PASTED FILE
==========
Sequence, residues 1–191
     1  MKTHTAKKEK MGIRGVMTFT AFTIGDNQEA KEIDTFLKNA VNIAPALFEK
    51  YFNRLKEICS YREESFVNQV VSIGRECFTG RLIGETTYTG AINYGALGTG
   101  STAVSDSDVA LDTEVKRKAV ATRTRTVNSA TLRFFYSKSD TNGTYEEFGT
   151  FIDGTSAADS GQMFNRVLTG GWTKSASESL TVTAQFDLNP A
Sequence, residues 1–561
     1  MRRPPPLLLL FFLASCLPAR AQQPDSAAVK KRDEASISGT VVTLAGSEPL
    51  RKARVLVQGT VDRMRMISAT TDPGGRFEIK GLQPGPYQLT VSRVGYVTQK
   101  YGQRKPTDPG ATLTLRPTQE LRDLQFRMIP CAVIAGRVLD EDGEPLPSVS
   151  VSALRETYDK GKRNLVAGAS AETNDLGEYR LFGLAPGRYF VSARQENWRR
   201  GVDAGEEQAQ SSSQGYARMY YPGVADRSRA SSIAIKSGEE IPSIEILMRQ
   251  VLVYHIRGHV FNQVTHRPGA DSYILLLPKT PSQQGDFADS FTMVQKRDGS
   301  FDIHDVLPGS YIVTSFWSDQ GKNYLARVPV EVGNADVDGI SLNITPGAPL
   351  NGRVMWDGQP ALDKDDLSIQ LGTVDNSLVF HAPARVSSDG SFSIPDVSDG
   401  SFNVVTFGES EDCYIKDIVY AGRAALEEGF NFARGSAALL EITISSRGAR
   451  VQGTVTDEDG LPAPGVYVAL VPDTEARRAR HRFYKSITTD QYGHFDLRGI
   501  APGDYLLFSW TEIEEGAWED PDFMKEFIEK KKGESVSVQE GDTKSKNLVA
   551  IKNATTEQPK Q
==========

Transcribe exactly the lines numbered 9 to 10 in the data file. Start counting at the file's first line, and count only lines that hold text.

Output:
   101  YGQRKPTDPG ATLTLRPTQE LRDLQFRMIP CAVIAGRVLD EDGEPLPSVS
   151  VSALRETYDK GKRNLVAGAS AETNDLGEYR LFGLAPGRYF VSARQENWRR